Opinion Opinion: My ride along: on the road with area law enforcement | CullmanSense

Opinion

Opinion: My ride along: on the road with area law enforcement

Through the Cullman County Sheriff’s Office (CCSO) Citizens’ Academy (CA) program, I found myself on the road recently with one of the department’s night shift patrol deputies.  In accordance with CA policies, I took no pictures, and will not reveal any potentially sensitive details about cases or suspects I encountered; law enforcement officers will not be identified.  I will, though, offer a few observations about my experience

Just before sunset, I met my host deputy (who will be “Dep. A”) at the County Detention Center, where a suspect had just been delivered.  We had been advised at the CA to go slowly, that deputies might be hesitant to talk about what they do.  Mine, though, was gracious and open from the beginning, striking up an interesting conversation about the hours of duty he had already put in that day.

We stopped for gas as we reached Dep. A’s patrol area.  My host was looking forward to getting supper soon, but advised me to use the restroom at the gas station if I needed to, because “out here, you never know.” Thanks for the warning!

Sure enough: while making what should have been a quick sweep through the patrol area before tying on the feed bag, we discovered that supper was not nearly as close as we hoped.  First off, on a lonely back road through ranch country, we (I say “we;” Dep. A worked hard, and I did a commendable job of not getting in his way.) got to be cowboys, helping a farmer wrangle up a couple of stray cows that were wandering close to the road.  If that seems a little Barney Fife to you, check YouTube for what happens when a car meets one of those things the wrong way.  We made Cullman County a safer place to drive!

Now we eat?  Way too easy.  We got to start that way, but then a few words crackled over the radio, and we were on our way to back up other officers on a 100-plus mile per hour highway pursuit.  My host seemed as calm at 100 as he was in the CCSO parking lot.  After the suspect gave up to lead pursuing officers, and upon our arrival, Dep. A set about assisting others in processing the scene and preparing the suspect’s vehicle to be towed.  And our suspect was completely inconsiderate: from his point of surrender, not a single restaurant was in sight (ha!).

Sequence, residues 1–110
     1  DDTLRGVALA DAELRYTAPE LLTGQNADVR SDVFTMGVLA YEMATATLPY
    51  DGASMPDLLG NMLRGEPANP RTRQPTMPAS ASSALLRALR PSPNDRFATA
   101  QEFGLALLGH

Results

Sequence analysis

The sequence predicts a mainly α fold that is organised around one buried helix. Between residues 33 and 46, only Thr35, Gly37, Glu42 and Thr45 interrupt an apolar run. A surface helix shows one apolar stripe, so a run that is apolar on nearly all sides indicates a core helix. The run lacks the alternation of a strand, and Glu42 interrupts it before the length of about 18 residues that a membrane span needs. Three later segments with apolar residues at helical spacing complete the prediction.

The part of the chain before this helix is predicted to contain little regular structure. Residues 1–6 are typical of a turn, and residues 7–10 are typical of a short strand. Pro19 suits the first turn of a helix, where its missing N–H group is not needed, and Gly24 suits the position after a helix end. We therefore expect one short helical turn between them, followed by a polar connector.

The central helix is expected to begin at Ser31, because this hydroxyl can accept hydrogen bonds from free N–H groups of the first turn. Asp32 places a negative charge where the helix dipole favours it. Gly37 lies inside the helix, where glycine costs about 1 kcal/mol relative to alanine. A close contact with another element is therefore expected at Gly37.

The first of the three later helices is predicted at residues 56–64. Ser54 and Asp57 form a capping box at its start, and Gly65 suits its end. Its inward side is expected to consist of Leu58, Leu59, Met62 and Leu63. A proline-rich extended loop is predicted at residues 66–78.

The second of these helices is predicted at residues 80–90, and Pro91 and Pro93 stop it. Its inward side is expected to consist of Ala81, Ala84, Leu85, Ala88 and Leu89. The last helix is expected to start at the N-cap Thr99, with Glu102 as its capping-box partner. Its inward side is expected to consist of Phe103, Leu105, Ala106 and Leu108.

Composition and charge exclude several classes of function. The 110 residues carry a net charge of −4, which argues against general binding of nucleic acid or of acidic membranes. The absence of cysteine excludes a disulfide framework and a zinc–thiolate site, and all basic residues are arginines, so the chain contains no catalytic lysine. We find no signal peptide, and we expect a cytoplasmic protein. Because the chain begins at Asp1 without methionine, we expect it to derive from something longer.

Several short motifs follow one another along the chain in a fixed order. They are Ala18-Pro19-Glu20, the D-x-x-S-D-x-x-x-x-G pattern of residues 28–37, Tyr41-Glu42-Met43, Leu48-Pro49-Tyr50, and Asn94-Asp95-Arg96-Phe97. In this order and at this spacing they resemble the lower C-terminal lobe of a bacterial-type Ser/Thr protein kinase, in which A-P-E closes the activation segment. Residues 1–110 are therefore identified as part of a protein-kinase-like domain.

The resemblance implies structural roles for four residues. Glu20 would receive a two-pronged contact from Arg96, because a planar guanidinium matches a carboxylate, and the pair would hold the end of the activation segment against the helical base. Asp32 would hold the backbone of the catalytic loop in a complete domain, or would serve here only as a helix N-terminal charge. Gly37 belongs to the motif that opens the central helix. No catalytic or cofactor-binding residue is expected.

Once we got back on the road, another sweep through the patrol area.  Then, about two hours behind the original announcement of intent, it was supper time.  Our server--a face in a drive-through window; our dining room--a parking lot overlooking a highway intersection where Dep. A could keep an eye on things while he ate.  A quick bite, a call to wish a loved one good night, and we were back on the prowl.

It’s impressive just how much of Cullman County a patrol deputy can cover in a short amount of time.  I won’t name specific locations, but we saw a lot of places.  Along the way, we got to talk.

My host seemed passionate about his job.  He got into law enforcement after seeing people close to him in his youth fall victim to alcohol and drugs.  He really feels like getting drugs off the street can make at least his corner of the world a better place.  Early in the morning, he got his chance. 

After midnight, CCSO and Hanceville Police Department personnel teamed up for a joint operation at a spot where the two agencies’ jurisdictions overlap.  It didn’t take too long for the prey to come to the trap: two cars, six people, and stories that didn’t add up.  A K-9 unit was called for a sniff-around, but would take a while to arrive.  Deputies and police secured the scene, and the waiting began.

Then something remarkable happened.  Officers conversed, even joked and laughed at times with the suspects; speaking firmly but politely and treating them like, well...people.  One driver consented to a car search, and found himself in handcuffs when evidence turned up quickly.  Even he was treated decently as he was interrogated.  Contrary to a popular TV scenario, this round of questioning involved no “bad cops.”

All suspects are innocent until proven guilty, but enough evidence was found to hold five of the six suspects, at least for the time being.  Even in custody, the interaction between officers and suspects remained respectful.  The fact that no one resisted arrest or became belligerent helped a lot, but the officers conducted themselves in a professional manner all the way through a drawn-out process.  They didn’t try to be the suspects’ buddies; they maintained firm control of the situation, but did so without threats, insults or bullying.

One suspect’s last words to officers as she was loaded in a patrol vehicle for transport told its own story: she said, “Thank you.”  She wasn’t thankful for being arrested, to be sure, but for the way she was treated through the process.

Now, the officers with whom I interacted that night all knew that a ride-along was there, and at least two knew I was a reporter; so “best behavior” rules may have been in play.  But I can say that the patrol officers of the CCSO and Hanceville Police Department with whom I had contact conducted themselves in a manner that was professional, and at the same time courteous and compassionate--to me, to local businesses, and even to suspects.  For one night, and I suspect for many others, they lived up to the CCSO’s watchwords: Honor, Courage and Integrity.

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